I want to call attention to a series of discussions about microaggression and diversity in children’s books. First, in case you are unaware of the term, the definition of microaggression:
a subtle but offensive comment or action directed at a minority orother nondominant group that is often unintentional or unconsciouslyreinforces a stereotype: microaggressions such as “I don’t see you asblack.”.
the use of such subtle but offensive comments or actions:
The diversity committee discussed the issue of microaggression towardwomen on campus.
Buzzfeed has collected some examples of microaggression, though these don’t seem very subtle to me. But perhaps this is due to the fact that I am aware of microaggression and think about it almost daily.
Anyway, the discussions I want to direct to are as follows:
I was first made aware of Meg Rosoff’s comments by Jeff and Rebecca on the BookRiot podcast (huge fan, by the way!). A woman shared a link to a Huffington Post article about a children’s book called Large Fears by Myles E. Johnson and illustrated by Kendrick Daye which is about a queer black boy. The woman who shared the article said that her children made her aware of the book and that she was glad it existed as there are “too few books for all our marginalized young people.” Rosoff disagrees in the comments.
Next, Debbie Reese, author of the American Indians in Children’s Literature (AICL) blog, made me aware of another Facebook post made by Roger Sutton in which he shared a link to his Horn Book post Editorial: We’re Not Rainbow Sprinkles. Sutton recalls a middle-grade panel discussion at the Cambridge Public Library at which a question came from a middle grade boy to R. J. Palacio about why there weren’t any gay characters in her book Wonder. Sutton goes on to question whether sprinkling diversity throughout stories is worthwhile. In the comments Rosoff heartily agrees with Sutton and there is an exchange between Rosoff and Reese. The comments on both the Sutton Facebook post and the actual Horn Book post are worth reading.
Then I read Reese’s review of A Fine Dessert which I also reviewed earlier this year and learned a few things. Apparently so did Megan Schliesman on Reading While White. I appreciated her post and commented:
I have also been poring over the discussions on A Fine Dessert today. I reviewed it favorably earlier this year, too. I like to think of myself as being progressive and looking critically at diversity when evaluating books. What I appreciate about the book was that it presented the situation in such a way that led my 3 year old to ask why they had to hide to eat the treat unlike the other characters who made it to enjoy themselves. It gave an opportunity for a discussion on a horrible part of our history. After listening to my colleagues, I see and understand the concerns.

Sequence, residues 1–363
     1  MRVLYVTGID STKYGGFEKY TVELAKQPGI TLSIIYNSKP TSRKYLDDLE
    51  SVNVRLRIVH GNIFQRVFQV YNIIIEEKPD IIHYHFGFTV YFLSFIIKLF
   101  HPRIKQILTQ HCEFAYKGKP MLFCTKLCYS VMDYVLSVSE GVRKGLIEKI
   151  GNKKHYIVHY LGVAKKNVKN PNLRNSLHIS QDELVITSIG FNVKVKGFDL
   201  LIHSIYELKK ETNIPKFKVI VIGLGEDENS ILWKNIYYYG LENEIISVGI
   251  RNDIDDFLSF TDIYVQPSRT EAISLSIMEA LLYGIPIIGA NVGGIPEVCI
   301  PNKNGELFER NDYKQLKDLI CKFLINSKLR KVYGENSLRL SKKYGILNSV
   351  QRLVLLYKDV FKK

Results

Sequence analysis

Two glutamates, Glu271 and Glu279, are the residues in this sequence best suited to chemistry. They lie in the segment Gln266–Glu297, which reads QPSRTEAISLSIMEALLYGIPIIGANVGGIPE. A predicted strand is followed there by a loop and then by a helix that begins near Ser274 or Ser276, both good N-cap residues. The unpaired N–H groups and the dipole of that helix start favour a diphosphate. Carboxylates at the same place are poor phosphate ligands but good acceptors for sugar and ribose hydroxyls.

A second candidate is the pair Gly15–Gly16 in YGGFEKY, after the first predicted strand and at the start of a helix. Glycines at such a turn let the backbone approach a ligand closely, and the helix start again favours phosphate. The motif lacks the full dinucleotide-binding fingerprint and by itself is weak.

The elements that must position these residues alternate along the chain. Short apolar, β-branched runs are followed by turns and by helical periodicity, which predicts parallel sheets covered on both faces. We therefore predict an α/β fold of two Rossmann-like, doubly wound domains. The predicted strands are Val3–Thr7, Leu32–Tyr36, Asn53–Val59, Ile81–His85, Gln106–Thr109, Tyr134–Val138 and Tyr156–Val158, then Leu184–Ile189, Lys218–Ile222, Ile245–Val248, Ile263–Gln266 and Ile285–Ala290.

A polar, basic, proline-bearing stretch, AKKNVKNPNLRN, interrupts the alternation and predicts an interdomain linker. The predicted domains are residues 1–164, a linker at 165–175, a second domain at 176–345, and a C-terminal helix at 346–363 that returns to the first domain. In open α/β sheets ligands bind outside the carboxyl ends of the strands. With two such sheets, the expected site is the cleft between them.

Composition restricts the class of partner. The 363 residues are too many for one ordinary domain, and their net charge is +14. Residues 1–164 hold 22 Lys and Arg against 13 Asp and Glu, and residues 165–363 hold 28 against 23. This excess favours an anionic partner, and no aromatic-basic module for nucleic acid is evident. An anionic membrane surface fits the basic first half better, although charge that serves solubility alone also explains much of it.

A big part of critical thinking is the ability to change your mind when presented with new evidence. We listened and reconsidered our position based on what we heard. Have we learned something? Yes. Will it make us see more in the future? Absolutely. So… is having the discussion worthwhile? You bet! Thank you for sharing your thought process on this. We are all learning together.
This is not the first time I have been schooled in microagression and it probably won’t be the last (though I am really working hard on that)…
UPDATE: After writing this post, I saw this comment from author of A Fine Dessert herself, Emily Jenkins, on Reading While White:
What a gracious way to show that SHE is watching and listening.
I have two children and I frequently wonder how to speak to them about race. Initially, I had planned not to discuss it and make sure our children see us treating everyone kindly and how we would like to be treated. Then I was directed to a post titled The Opposite of Colorblind: Why It’s Essential To Talk To Children About Race by Stacy Whitman, Editorial Director and Publisher of Tu Books, an imprint of Lee & Low. Whitman suggests that not speaking to your children about racial issues can do more harm than good because they will just absorb the daily microaggressions to which they are exposed. I am unsure of how best to tackle this problem as a parent. Whitman suggests resources and I know that when the time comes I will be able to find information. But I am also interested in this question as a librarian who recommends books to children and parents which is why I was so drawn to these discussions and why I wanted to chew on them here.
Draw your own conclusions about those involved in the discussions linked to above. I am always amazed when people can come down so squarely on something. I, myself, never feel like I can easily do that because there are so many things that I know I don’t know and so many perspectives that I can never fully understand simply because of who I am and the experiences that I have had. But I can say this: Books are hugely influential to children as they are learning about the world around them. Seeing themselves in stories is important. Seeing others not like them is equally important. If there are subtle harmful messages about gender (there are) and race (there are and I am slowly getting better about seeing them), it can only help us to be aware of them and discuss them. “The more you know”…